As printed in Plaintiff Magazine, February 2012
Today, a horseman teaches us about cross-examination. Some time ago, I took a course on communication that focused on horses. I’m not a horse person, nor do I aim to be one. So why horses, one might ask? As I learned, horses are herd animals, prone to flight when startled. They look to you as a leader and notice changes in your energy instantaneously. Perfect feedback mechanisms. For one exercise, we were asked to go into a ring with the horse and while staying on the ground, get the horse to walk and then canter around the outer edge of the ring in one direction, stop, turn, and then do the same in the other. Our only tools were a halter with a rope, a stick and ourselves. We had ten minutes for the evolution.
It sounds easy, but horses will only do what you ask them if you make your intentions clear. Several people went through the exercise with varying degrees of success. Then another participant walked into the ring. In the space of less than three minutes, he and his horse completed the tasks effortlessly. He looked up at the instructor, who said, “What do you want to do? You have another 7 minutes if you want them.”
Let’s leave the ring for a moment and talk about pressure. Cross-examination and pressure run hand-in-hand. Applying it, releasing it and being aware that you are under it. Applying it is straightforward. A witness, like a horse, needs clear communication to know what you want the witness to do. This is done by applying pressure. You need to apply pressure right off the bat to demonstrate the desired direction. That you are the leader. And that you two are going down a particular path of questioning. The easiest way to do this? Start with very short leading questions on matters the witness can’t dispute. By way of example, assume you are examining the defendant’s person most knowledgeable.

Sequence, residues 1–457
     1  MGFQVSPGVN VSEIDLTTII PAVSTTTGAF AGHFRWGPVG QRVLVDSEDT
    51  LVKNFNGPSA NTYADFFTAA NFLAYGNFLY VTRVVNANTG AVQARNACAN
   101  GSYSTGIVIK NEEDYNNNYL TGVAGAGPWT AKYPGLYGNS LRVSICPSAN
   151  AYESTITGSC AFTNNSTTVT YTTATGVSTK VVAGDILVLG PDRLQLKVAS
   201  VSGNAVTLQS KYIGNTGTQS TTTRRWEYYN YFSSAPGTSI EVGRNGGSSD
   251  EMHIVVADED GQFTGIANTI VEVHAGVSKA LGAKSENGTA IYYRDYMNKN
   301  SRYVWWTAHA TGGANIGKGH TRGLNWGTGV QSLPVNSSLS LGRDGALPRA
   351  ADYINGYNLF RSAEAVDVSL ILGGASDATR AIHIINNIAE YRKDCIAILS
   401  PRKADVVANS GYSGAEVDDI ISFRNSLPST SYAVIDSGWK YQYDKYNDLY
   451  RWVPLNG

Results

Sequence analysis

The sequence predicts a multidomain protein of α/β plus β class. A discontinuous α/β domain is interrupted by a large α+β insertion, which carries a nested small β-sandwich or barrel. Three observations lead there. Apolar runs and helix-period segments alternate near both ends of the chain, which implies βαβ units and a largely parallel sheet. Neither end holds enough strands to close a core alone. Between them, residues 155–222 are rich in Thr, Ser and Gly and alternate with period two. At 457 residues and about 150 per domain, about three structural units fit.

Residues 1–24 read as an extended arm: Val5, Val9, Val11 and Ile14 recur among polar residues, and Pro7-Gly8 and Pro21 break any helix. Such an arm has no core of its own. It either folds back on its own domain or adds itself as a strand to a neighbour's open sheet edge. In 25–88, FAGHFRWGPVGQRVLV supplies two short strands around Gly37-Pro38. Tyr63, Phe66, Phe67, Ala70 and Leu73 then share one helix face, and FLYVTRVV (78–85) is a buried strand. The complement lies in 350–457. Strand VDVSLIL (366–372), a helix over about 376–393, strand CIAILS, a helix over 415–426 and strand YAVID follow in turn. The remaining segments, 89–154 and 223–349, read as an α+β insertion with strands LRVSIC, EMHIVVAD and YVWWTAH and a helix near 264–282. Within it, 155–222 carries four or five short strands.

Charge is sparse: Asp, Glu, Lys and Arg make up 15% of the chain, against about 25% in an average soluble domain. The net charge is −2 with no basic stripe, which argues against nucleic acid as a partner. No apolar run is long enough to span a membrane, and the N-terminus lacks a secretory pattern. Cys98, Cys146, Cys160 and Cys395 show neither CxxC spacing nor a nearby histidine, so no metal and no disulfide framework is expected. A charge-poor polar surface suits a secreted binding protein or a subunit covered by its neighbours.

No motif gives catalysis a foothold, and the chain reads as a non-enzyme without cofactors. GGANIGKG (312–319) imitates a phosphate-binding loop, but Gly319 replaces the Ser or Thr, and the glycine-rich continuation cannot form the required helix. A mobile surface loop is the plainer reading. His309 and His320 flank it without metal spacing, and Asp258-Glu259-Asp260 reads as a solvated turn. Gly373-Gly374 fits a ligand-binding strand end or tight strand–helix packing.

“You’re employed by Defendant Company.” Wait for the yes.
“You’ve worked for Defendant Company 35 years.” Yes again.
You’ve started the endeavor, clearly communicated that you want yes/no answers and begun developing a bias theme. Be aware that too much pressure, call it heat, anger, or a heavy hand, can be disastrous. With a horse, it may cause it to bolt. A witness can do the same thing. The result may startle the jury and cause them to identify with the poor witness you are abusing rather than you. My former boss, an excellent trial lawyer, used to say, “Don’t start hating ‘em until the jury hates ‘em.” It takes a while for that pot to boil. If you come in hot before the jury dislikes the witness, you risk losing the jury for the examination and the rest of the case.
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